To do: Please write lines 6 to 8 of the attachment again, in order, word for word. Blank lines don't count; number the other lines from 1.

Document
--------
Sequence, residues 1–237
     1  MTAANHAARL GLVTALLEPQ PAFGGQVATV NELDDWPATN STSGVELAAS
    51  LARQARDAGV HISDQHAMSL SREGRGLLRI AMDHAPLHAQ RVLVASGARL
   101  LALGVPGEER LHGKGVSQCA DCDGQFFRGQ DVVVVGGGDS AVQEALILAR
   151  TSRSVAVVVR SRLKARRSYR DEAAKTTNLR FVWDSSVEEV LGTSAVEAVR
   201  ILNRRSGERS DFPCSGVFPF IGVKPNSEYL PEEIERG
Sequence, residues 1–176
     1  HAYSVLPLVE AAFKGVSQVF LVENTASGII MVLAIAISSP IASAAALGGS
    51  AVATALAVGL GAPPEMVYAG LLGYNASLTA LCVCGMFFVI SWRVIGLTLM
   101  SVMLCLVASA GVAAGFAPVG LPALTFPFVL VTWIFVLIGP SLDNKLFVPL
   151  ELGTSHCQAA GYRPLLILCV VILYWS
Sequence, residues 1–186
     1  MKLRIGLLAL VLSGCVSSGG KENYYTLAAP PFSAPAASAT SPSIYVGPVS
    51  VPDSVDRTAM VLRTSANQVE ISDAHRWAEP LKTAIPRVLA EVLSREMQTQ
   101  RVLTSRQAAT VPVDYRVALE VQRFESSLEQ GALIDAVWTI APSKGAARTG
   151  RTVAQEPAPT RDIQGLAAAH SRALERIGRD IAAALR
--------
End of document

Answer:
   201  ILNRRSGERS DFPCSGVFPF IGVKPNSEYL PEEIERG
Sequence, residues 1–176
     1  HAYSVLPLVE AAFKGVSQVF LVENTASGII MVLAIAISSP IASAAALGGS